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How to test your network with PerfSONAR

mer, 11/28/2018 - 09:00

PerfSONAR is a network measurement toolkit collection for testing and sharing data on end-to-end network perfomance.

The overall benefit of using network measurement tools like PerfSONAR is they can find issues before they become a large elephant in the room that nobody wants to talk about. Specifically, with the right answers from the right tools, patching can become more stringent, network traffic can be shaped to speed connections across the board, and the network infrastructure design can be improved.


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Bio-Linux: A stable, portable scientific research Linux distribution

mar, 11/27/2018 - 09:02

Bio-Linux was introduced and detailed in a Nature Biotechnology paper in July 2006. The distribution was a group effort by the Natural Environment Research Council in the UK. As the creators and authors point out, the analysis demands of high-throughput “-omic” (genomic, proteomic, metabolomic) science has necessitated the development of integrated computing solutions to analyze the resultant mountains of experimental data.


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What the open source community means to me

mar, 11/27/2018 - 09:01

Every time I tell my friends about my hobby—which became my career as the executive director at The Document Foundation—I face lots of questions. A worldwide community? Contributors around the globe? An open source community? Can you eat that?!


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Calling for some compassion with our transparency

mar, 11/27/2018 - 09:00

Transparency is key in an open organization. This isn't a controversial statement. But is too much transparency in an organization possible?


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Python libraries for data science, command-line tools, Jenkins X, DevOps, Perl 6, and more

lun, 11/26/2018 - 17:30

On Opensource.com, we have a lot of reasons to be thankful. Over the past 12 months, we've had the pleasure of working with writers from a range of open source communities, organizations, and projects. We've had ongoing relationships and friendships with many of them, plus we've enjoyed welcoming dozens of new contributors to the site and new moderators to our community moderator program.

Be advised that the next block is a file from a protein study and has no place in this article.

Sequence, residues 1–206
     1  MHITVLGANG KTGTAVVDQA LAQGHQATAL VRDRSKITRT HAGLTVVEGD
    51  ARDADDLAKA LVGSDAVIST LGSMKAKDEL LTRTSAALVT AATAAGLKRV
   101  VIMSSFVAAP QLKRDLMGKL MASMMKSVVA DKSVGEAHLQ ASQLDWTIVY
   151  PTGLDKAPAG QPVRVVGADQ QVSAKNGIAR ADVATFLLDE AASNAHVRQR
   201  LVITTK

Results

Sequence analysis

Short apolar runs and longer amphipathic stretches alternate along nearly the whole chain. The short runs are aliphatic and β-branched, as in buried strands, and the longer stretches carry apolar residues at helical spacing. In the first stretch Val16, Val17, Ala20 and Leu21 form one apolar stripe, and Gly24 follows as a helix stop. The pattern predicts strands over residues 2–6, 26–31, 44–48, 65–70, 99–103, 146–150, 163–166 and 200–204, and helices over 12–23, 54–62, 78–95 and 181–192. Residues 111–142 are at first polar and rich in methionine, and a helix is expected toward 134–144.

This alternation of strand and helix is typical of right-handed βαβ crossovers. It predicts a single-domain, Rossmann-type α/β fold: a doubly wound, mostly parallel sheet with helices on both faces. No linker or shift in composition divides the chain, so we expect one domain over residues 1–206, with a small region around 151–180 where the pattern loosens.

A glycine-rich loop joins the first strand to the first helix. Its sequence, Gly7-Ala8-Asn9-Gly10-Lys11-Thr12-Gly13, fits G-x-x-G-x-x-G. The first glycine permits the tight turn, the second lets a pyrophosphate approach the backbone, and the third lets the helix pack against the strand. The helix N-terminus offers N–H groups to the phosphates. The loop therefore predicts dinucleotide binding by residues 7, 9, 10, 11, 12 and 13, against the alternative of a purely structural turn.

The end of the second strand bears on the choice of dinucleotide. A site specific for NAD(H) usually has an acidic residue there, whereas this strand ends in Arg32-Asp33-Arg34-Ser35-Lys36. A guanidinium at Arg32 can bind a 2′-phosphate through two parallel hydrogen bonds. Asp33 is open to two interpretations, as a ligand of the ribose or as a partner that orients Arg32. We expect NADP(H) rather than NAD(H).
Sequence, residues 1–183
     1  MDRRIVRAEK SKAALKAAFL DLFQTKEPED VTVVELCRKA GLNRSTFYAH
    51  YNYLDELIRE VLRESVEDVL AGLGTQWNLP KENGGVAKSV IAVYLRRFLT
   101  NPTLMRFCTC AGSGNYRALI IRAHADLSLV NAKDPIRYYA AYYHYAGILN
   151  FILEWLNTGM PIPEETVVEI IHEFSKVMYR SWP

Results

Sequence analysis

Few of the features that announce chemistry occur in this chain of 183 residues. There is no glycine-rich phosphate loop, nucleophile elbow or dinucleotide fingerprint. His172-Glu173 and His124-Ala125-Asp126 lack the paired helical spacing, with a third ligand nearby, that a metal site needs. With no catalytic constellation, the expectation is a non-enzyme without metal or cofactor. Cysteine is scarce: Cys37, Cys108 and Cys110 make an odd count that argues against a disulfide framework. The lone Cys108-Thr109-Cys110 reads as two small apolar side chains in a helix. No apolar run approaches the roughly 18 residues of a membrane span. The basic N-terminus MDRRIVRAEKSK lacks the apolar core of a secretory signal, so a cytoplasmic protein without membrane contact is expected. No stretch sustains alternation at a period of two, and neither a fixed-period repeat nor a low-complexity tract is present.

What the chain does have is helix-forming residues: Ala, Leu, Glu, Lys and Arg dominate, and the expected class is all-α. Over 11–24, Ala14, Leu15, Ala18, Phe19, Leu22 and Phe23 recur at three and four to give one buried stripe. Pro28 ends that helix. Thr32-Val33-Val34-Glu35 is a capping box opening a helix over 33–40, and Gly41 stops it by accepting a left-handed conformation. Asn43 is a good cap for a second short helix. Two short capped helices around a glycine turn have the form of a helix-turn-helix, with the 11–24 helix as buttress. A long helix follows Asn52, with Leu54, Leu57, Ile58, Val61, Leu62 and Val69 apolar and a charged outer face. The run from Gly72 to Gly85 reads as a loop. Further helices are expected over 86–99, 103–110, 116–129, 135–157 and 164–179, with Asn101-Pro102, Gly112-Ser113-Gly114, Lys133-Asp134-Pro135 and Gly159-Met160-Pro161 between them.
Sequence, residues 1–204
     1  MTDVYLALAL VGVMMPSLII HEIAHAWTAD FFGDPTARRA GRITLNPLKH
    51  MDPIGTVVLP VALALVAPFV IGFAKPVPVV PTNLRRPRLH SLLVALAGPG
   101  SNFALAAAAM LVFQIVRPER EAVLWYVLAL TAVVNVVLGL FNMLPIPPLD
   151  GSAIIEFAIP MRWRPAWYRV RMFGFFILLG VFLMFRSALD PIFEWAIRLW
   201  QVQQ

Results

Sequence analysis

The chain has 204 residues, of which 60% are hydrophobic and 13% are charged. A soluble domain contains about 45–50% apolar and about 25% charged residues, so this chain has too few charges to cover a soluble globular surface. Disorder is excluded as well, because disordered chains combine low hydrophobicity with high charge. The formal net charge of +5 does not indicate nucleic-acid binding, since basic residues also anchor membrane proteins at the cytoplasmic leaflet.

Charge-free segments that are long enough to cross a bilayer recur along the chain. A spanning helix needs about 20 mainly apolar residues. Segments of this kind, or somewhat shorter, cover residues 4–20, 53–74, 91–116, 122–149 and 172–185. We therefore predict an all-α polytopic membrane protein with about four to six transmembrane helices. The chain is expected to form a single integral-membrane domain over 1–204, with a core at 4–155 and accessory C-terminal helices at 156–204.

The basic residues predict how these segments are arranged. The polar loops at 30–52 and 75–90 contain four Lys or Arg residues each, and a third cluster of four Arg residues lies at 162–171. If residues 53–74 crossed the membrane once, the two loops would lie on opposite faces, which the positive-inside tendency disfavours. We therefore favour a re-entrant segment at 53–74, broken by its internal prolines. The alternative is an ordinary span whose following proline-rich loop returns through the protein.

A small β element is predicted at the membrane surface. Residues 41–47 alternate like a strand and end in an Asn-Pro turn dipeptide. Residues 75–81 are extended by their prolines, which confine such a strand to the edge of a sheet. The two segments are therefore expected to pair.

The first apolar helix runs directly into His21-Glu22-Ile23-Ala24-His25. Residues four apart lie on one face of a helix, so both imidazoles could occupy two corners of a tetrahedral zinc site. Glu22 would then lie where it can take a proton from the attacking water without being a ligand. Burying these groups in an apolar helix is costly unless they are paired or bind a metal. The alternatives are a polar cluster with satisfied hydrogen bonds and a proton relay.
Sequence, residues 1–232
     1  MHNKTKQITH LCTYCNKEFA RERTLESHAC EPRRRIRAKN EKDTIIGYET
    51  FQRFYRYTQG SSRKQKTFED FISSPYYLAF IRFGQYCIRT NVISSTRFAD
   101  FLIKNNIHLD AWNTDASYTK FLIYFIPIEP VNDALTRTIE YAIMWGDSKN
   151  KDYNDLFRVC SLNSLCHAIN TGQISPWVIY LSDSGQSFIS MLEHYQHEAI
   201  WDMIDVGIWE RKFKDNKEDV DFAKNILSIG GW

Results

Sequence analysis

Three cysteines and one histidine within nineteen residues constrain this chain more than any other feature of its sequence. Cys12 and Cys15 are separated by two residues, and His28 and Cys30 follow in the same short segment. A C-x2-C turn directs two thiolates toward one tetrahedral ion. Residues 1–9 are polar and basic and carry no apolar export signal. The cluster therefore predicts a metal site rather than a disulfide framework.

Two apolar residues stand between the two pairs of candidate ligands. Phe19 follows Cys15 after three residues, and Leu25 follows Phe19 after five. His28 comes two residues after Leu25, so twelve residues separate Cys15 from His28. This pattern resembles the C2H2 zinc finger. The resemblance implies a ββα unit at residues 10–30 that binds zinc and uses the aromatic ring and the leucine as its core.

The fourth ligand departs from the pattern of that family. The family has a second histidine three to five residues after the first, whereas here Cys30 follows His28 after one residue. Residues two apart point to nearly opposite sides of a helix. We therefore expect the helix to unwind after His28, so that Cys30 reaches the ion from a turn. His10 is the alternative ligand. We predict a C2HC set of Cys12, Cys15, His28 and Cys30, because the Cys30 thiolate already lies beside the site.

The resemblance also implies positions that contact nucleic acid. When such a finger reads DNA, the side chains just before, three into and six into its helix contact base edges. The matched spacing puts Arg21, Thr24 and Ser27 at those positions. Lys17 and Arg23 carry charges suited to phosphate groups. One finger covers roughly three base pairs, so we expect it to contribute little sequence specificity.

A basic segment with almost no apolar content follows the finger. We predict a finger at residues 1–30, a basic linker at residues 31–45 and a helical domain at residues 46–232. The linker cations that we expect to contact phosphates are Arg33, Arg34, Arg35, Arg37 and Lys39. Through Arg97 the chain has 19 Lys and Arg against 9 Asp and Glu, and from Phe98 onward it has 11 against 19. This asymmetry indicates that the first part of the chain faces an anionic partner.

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How many programming languages is too many for one project?

lun, 11/26/2018 - 09:03

One great thing about programming languages is that there is such diversity that you can choose the best one to solve any given problem. But sometimes the worst thing can be when projects take advantage of this and build applications or systems of applications that require domain knowledge of many different languages. When this happens, it can be difficult for everyone, or even anyone, to fully understand the scope of the project.


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I've got 99 problems but Linux ain't one

lun, 11/26/2018 - 09:02

As the global technology evangelist director of Red Hat’s portfolio product marketing group, I have a secondary focus on portfolio architectures. I research customer successes in solution implementation using our open source technologies, then produce generic higher-level architectural content so that others may benefit from these real-life experiences.


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How to use multiple programming languages without losing your mind

lun, 11/26/2018 - 09:00

With all the different programming languages available today, many organizations have become digital polyglots. Open source opens up a world of languages and technology stacks developers can use to accomplish their tasks, including developing and supporting legacy and modern software applications.


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My first FOSS love was Perl

ven, 11/23/2018 - 09:03

Set the wayback machine to 1993. I was working at a small company as a programmer and product deployment specialist. The product was COBOL-based and the OS was SCO Xenix. Both were based on open standards, but not open source. I was hired because I knew the medical software business and I had experience in several flavors of what was then called Micro-Unix. I didn't know a thing about COBOL, but that was the job opening. (PS, if you get any calls from the past: COBOL is not hard to learn.)


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How I uncovered my inner geek

ven, 11/23/2018 - 09:01